Harvard/MIT Nonprofit Creates Software for Grading Essays
April 5, 2013 3:19 PM
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The software learns how to do so from human professors
Short answer and essay questions on exams could one day be graded by computer software, but many educators aren't happy about it.
EdX, a nonprofit enterprise started by Harvard University and the Massachusetts Institute of Technology (MIT), has created
a software system
that is capable of learning how to grade the way a human teacher would and then grades both short answer and essay questions based on this method.
The major benefit is that students will receive a grade instantly rather than waiting days or weeks. Not only that, but students could use this software to keep rewriting essays until they reach a desired grade (since the grading process is instant), helping them to learn rather than just accept a grade and move on.
“There is a huge value in learning with instant feedback,” said Dr. Anant Agarwal, an electrical engineer who is president of EdX. “Students are telling us they learn much better with instant feedback.
"This is machine learning and there is a long way to go, but it’s good enough and the upside is huge. "We found that the quality of the grading is similar to the variation you find from instructor to instructor.”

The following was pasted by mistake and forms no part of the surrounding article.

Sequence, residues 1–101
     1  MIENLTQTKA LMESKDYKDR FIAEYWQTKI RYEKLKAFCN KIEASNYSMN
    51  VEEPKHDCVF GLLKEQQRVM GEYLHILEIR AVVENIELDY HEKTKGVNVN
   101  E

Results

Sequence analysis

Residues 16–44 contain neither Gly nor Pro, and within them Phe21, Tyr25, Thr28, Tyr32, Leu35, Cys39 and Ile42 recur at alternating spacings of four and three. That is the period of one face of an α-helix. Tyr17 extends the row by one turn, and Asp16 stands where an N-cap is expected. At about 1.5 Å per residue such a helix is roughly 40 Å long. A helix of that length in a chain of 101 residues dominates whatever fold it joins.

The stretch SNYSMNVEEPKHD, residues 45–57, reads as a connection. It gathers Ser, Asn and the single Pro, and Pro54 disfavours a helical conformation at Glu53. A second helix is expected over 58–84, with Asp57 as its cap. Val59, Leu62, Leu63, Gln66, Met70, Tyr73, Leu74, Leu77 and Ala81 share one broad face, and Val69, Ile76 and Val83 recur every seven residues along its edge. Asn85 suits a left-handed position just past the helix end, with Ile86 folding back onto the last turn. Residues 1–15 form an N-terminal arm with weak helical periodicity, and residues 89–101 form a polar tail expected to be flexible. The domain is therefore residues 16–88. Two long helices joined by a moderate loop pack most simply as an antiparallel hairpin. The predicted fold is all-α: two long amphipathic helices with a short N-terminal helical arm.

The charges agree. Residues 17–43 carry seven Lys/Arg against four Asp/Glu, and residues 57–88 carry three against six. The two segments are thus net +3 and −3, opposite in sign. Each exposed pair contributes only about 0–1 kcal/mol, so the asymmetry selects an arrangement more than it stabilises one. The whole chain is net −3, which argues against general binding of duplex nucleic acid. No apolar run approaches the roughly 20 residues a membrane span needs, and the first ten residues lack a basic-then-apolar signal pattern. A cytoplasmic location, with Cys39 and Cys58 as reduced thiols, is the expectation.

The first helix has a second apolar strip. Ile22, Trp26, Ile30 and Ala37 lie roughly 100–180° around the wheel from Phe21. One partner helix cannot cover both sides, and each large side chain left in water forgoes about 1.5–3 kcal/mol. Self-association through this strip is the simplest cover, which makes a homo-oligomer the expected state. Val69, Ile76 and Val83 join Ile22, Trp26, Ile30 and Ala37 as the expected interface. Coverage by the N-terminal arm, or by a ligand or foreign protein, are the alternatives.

The EdX software allows a human teacher to grade about 100 essays first while it observes the grading technique. From there, the tool learns how to grade and does so on its own.
While this software could help students learn faster and free up some of the professor's time to tend to other things, it has been criticized in the education sector. Les Perelman, a retired director of writing and a current researcher at MIT, said that software can never compare to a human professor. Perelman has written fake essays with bogus "facts" in it and tricked computer software into giving him a decent grade.
“My first and greatest objection to the research is that they did not have any valid statistical test comparing the software directly to human graders,” said Perelman.
While software for grading basic tests like multiple choice are widely adopted, it is yet to be seen whether the same will happen for essays and more detailed tests, which require the knowledge of a professor to score accurately.
The New York Times
This article is over a month old, voting and posting comments is disabled
4/6/2013 4:14:07 PM
it all depends on execution.
on the plus side, all the pretty girls won't automatically score highly on coursework.
the flipside is that if the software is not particulary smart it will be figured out by students fairly quickly and they will realise what type of formulaic garbage tends to score highly.
also i imagine that a really good candidate displaying higher level analytical thinking may write in a way that requires more effort to comprehend than simple plain unambiguous statements. there would be instances where it could be difficult for an algorithm to differentiate a real high flying candidate from one that just can't write properly.
i short unless this software has the comprehension and understanding of a teacher in the particular subject being marked then this will introduce a whole new layer of inaccuracy and error.
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